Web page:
These are my experiences of the Mindfulness for Health course I recently completed. This article is not a substitute for attending a course yourself and will only give you a small insight into the course and its effects on my journey. The book that supports this course is available to purchase here. For more information on attending a course in Sheffield, see here.
It’s very likely that if you suffer from chronic pain, you have turned your pain into some sort of evil demon that you try to avoid and that you fear. Week 1 of the Mindfulness for Health course was all about reconnecting and making contact with your own body once again. But why would I want to reconnect with the painful body I am trapped within? Why would I want to listen to the pain screaming and actually acknowledge it? Surely ignoring it and denying it was the right thing to do?
Breathworks teach about two levels of suffering. Firstly, the actual, physical unpleasant sensations you actually feel in your body which are known as primary suffering, then the thoughts, feelings, emotions and memories that are associated with the pain; known as secondary suffering. They believe that we actually feel a combination of both of these and that if you learn to separate the two of them, you can greatly reduce, and sometimes even eliminate your pain.
The concept of primary and secondary suffering really resonates with me. At times, I would be in pain, but the worry about the pain getting worse, or not ever ending, would cause me even more distress. As we discussed this as a group, it was clear other members of the class felt a similar way. It was so valuable listening to each other and realising how similar our experiences were with suffering and how much additional suffering we were all adding.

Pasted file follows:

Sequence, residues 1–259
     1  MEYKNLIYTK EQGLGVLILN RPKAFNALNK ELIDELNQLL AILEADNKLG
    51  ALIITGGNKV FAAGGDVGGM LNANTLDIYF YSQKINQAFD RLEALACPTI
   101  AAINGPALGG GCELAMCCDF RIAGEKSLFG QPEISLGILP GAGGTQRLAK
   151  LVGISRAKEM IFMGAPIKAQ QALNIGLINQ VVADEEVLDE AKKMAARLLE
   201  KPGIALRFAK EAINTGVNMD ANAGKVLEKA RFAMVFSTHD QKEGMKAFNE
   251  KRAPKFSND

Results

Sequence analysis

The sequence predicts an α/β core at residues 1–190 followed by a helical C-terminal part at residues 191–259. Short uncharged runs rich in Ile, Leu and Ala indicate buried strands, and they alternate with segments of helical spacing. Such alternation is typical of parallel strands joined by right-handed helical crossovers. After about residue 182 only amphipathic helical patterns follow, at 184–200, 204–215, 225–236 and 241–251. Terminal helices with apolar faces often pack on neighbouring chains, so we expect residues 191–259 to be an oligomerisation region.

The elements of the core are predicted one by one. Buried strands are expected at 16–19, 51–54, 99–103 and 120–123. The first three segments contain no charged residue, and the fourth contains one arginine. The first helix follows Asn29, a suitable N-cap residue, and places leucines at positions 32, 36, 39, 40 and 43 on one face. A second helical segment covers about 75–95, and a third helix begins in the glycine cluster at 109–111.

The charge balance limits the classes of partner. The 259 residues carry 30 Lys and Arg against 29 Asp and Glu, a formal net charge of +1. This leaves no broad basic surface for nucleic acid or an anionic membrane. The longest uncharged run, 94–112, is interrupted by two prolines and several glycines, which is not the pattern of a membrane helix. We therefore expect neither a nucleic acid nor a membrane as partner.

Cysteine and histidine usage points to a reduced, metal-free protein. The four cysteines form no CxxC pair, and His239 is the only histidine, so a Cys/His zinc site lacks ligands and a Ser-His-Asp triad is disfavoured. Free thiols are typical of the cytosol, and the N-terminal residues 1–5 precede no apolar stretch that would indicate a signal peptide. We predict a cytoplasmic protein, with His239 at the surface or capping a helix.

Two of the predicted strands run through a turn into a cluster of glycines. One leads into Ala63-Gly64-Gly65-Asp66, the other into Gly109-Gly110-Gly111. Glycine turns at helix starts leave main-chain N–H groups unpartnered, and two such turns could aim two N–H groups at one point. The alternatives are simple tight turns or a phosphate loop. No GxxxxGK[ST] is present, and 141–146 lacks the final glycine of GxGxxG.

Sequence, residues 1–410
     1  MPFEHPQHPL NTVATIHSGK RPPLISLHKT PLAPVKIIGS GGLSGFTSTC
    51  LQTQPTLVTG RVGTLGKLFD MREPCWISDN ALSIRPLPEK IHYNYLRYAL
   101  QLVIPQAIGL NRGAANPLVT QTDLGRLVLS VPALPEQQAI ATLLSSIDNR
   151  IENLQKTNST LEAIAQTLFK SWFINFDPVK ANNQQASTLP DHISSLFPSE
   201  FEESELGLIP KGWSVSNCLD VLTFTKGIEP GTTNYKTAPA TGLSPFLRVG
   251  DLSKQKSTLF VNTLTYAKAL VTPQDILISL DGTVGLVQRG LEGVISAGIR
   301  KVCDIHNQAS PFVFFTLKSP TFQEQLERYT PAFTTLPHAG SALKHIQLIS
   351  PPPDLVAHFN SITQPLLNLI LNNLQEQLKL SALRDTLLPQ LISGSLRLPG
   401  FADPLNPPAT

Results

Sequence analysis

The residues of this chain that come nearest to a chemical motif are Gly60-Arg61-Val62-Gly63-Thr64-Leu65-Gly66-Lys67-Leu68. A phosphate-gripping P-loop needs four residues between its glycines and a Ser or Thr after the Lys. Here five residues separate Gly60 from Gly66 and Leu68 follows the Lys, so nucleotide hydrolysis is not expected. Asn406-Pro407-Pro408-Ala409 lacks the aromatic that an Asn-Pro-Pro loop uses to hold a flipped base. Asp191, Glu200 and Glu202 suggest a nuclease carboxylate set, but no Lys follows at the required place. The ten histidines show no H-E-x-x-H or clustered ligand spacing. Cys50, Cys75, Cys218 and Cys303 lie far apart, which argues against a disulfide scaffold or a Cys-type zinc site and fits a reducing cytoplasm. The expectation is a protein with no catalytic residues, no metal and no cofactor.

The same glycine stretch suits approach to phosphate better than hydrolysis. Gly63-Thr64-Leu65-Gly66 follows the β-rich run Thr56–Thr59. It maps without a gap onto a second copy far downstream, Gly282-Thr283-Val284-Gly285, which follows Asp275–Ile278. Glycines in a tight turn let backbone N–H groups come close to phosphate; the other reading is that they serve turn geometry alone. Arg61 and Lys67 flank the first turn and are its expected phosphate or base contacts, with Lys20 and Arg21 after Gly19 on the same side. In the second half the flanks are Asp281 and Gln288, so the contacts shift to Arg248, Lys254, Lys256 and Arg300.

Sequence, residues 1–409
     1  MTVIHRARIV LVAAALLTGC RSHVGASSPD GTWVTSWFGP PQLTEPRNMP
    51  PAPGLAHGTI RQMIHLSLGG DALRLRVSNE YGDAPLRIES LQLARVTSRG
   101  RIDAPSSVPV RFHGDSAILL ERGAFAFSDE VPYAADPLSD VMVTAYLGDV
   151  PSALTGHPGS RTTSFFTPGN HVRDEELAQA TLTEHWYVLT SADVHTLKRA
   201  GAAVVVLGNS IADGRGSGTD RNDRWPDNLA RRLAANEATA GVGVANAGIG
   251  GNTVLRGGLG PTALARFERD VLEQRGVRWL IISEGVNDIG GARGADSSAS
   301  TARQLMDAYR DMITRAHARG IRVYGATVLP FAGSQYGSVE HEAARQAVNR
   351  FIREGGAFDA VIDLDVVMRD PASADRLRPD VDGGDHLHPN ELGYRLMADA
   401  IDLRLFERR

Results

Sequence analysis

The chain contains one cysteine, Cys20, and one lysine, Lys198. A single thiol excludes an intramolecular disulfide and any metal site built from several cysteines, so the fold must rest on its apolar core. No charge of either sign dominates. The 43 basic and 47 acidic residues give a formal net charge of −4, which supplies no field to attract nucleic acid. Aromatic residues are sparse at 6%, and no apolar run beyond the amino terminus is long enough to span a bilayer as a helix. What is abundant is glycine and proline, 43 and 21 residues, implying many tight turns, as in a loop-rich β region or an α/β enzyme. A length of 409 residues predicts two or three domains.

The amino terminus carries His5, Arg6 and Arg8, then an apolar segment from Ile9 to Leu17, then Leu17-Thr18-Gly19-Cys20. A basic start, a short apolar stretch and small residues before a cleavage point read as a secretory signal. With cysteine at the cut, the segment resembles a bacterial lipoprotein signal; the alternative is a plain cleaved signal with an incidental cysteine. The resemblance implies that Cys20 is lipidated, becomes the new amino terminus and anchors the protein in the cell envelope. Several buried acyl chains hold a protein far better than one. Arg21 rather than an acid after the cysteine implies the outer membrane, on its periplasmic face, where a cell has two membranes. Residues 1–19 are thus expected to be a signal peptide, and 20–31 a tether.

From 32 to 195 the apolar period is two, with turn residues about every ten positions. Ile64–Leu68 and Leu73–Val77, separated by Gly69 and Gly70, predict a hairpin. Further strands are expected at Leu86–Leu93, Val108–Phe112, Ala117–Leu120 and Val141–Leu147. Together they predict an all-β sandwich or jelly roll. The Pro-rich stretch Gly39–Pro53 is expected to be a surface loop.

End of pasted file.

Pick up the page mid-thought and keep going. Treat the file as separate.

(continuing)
During this week, we were taught the Body Scan meditation. This meditation aims to reconnect your mind with your own body, by gently moving your awareness around your body region by region to observe what you find. To this day, I find this meditation difficult because I obviously don’t want to go looking for where things hurt in my body. But, it’s a meditation that does raise your awareness towards what you are actually feeling and not what you think you should be feeling; and often that isn’t as bad as you expect it to be.
You are asked to view any pain or suffering with as much kindness and understanding as possible and pay particular attention to the breath. I know when I feel pain, stress or discomfort I tend to hold my breath and we were taught that this can increase tension and stress in the whole body and ultimately fuel secondary suffering. By paying attention to the breath , it will naturally become calmer, deeper and more rhythmic and in turn, this stimulates the parasympathetic nervous system which releases hormones that lessens tension and promotes healing.
Initially, I found that the body scan actually made me feel a bit worse, and I really had to stick at it. If you have been in pain for a long time then it can take a while for your body to adapt to the lessening tension and stress. I also found I would be quite sleepy after a body scan, but I was assured this was perfectly normal and in fact a good indication of how beneficial the body scan was for me.
Our homework at the end of the class was twice daily body scan meditations, maintaining a diary of our experiences with daily meditation, pausing to make ourselves aware of the breath regularly and a wonderful habit releaser to spend time in nature.
I found this week to be really useful, and my understanding of the real benefits of mindfulness began to take shape. Something as simple as breathing properly and acknowledging the pain and discomfort I was in, was having an immense effect on not only the sensations I was feeling but also on how I dealt with them. How I could breathe through them with a kind and curious attitude rather than dwelling and catastrophising them. An incredibly powerful discovery.
Read more about my experiences on the Mindfulness for Health course: